and replacements made prior to their expiration date.
6. Good laboratory practices (GLPs) must be implemented as needed.
7. Audits must be performed on a scheduled basis to verify that all aspects of the
QA program are operating sufficiently

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Quality control (QC) concerns procedures that maintain a measurement system in a
state of statistical control. This does not mean that statistics control the analytical
procedures but that statistical evidence is used to ensure that the procedure is working
under the conditions set by protocol. c  




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well the basic method will work with the sample matrix being evaluated will depend
on the way the QC samples are examined. A comprehensive QC analytical procedure
would include the following:
1. Replicated environmental samples to test the precision of the sampling or analytical
2. Replicated analyses conducted on the same sample multiple times in order to
determine analytical precision.
3. Trip blanks to determine if contaminants are introduced the processes of collecting,
shipping, or storing of samples.
4. Matrix-fortified laboratory blanks consisting of solvent and reagent blanks to
determine levels of bias due to matrix effects or analytical method problems.
5. Sample blanks (a sample matrix that does not contain the toxicant, although this
is sometimes difficult to obtain) to ensure no extraneous or interfering peaks; the
peaks indicate where a problem might exist in the method used.
6. Fortified field blanks to determine the effects that the matrix might have on
analyte recovery.


Acute toxicity is defined as toxicity elicited as a result of short-term exposure to a
toxicant. Incidences of acute toxicity in the environment are commonly associated
with accident (i.e., derailment of a train resulting in leakage of a chemical into a
river) or imprudent use of the chemical (i.e., aerial drift of a pesticide to nontarget
areas). Discharge limits placed upon industrial and municipal wastes, when adhered
to, have been generally successful in protecting against acute toxicity to organisms in
waste-receiving areas. As discussed in Chapter 11, the acute toxicity of a chemical is
commonly quantified as the LC50 or LD50. These measures do not provide any
insight into the environmentally acceptable levels of contaminants (a concentration that kills
50% of the exposed organisms is hardly tolerable). However, LC50 and LD50 values
do provide statistically sound, reproducible measures of the relative acute toxicity of
chemicals. LC50 and LD50 ranges for aquatic and terrestrial wildlife, respectively, and
their interpretation are presented in Table 26.4.
Acute toxicity of environmental chemicals is determined experimentally with select
species that serve as representatives of particular levels of trophic organization within
an ecosystem (i.e., mammal, bird, fish, invertebrate, vascular plant, algae). For example,
the US Environmental Protection Agency requires acute toxicity tests with representatives
of at least eight different species of freshwater and marine organisms (16 tests)
that include fish, invertebrates, and plants when establishing water quality criteria for a
chemical. Attempts are often made to rank classes of organisms by toxicant sensitivity;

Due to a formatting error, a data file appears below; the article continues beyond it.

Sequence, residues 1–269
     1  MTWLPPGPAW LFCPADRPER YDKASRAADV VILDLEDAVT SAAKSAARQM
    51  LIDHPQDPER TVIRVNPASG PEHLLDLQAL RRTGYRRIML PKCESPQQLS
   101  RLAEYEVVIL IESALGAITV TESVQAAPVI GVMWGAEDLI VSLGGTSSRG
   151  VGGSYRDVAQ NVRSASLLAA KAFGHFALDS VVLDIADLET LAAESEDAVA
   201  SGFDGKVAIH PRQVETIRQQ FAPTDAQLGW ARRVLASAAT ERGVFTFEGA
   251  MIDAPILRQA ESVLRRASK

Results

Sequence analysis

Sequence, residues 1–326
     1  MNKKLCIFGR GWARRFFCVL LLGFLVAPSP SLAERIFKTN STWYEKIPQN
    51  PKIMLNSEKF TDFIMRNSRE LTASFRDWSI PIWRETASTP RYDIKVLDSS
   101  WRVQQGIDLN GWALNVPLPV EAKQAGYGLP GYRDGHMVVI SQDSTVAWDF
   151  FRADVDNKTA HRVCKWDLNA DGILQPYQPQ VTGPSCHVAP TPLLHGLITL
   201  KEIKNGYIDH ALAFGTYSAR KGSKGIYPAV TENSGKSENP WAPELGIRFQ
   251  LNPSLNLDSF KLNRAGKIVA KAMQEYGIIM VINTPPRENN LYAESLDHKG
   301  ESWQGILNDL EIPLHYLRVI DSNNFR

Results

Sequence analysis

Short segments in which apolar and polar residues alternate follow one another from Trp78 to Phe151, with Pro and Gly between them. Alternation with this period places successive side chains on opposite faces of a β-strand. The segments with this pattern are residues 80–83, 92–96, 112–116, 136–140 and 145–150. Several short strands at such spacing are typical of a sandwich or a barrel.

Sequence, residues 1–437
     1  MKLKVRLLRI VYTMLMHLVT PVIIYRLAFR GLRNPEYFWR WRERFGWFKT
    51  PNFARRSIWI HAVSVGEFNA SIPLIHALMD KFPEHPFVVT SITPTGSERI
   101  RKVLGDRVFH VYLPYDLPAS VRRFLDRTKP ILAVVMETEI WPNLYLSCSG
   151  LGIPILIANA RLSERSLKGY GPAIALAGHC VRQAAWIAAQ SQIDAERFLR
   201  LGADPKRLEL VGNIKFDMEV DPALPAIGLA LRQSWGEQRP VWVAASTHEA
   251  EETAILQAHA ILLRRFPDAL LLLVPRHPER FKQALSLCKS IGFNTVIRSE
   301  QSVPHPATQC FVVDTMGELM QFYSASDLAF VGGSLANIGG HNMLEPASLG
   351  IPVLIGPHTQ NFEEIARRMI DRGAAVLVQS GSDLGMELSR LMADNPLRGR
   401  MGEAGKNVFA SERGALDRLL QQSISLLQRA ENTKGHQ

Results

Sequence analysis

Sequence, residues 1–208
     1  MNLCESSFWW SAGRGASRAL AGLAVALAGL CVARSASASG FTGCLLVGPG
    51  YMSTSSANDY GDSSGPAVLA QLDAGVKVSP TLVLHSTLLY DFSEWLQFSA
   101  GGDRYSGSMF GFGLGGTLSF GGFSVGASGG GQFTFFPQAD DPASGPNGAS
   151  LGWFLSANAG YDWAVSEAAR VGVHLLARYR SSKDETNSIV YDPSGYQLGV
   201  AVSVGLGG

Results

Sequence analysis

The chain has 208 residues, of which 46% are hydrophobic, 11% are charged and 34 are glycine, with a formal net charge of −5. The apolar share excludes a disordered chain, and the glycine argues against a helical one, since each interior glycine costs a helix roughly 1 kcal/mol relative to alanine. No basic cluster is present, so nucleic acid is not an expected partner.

however, no organism is consistently more or less susceptible to the acute toxicity of
chemicals. Further the use of standard species in toxicity assessment presumes that
these species are ³representative´ of the sensitivity of other members of that level of
ecological organization. Such presumptions are often incorrect


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Chronic toxicity is defined as toxicity elicited as a result of long-term exposure to
a toxicant. Sublethal end points are generally associated with chronic toxicity. These
include reproductive, immune, endocrine, and developmental dysfunction. However,
chronic exposure also can result in direct mortality not observed during acute exposure.
For example, chronic exposure of highly lipophilic chemicals can result in the eventual
bioaccumulation of the chemical to concentrations that are lethal to the organisms. Or
as discussed previously, mobilization of lipophilic toxicants from lipid compartments
during reproduction may result in lethality. It is important to recognize that, while
theoretically, all chemicals elicit acute toxicity at a sufficiently high dose, all chemicals
are not chronically toxic. Chronic toxicity is measured by end points such as the
highest level of the chemical that does not elicit toxicity during continuous, prolonged
exposure (no observed effect level, NOEL), the lowest level of the chemical that elicits
toxicity during continuous, prolonged exposure (lowest observed effect level, LOEL),
or the chronic value (CV) which is the geometric mean of the NOEL and the LOEL.
Chronic toxicity of a chemical is often judged by the acute : chronic ratio (ACR),
which is calculated by dividing the acute LC50 value by the CV. Chemicals that have
an ACR of less than 10 typically have low to no chronic toxicity associated with them
(Table 26.5).
The following must always be considered when assessing the chronic toxicity of a
chemical: (1) Simple numerical interpretations of chronic toxicity based on ACRs serve
only as gross indicators of the potential chronic toxicity of the chemical. Laboratory
exposures designed to establish chronic values most often focus upon a few general
endpoints such as survival, growth, and reproductive capacity. Examination of more
subtle end points of chronic toxicity may reveal significantly different chronic values.
(2) Laboratory exposures are conducted with a few test species that are amenable
to laboratory manipulation. The establishment of chronic and ACR values with these
species should not be considered absolute. Toxicants may elicit chronic toxicity in
some species and not in others. (3) Interactions among abiotic and biotic components
of the environment may contribute to the chronic toxicity of chemicals, while
such interactions may not occur in laboratory assessments of direct chemical toxicity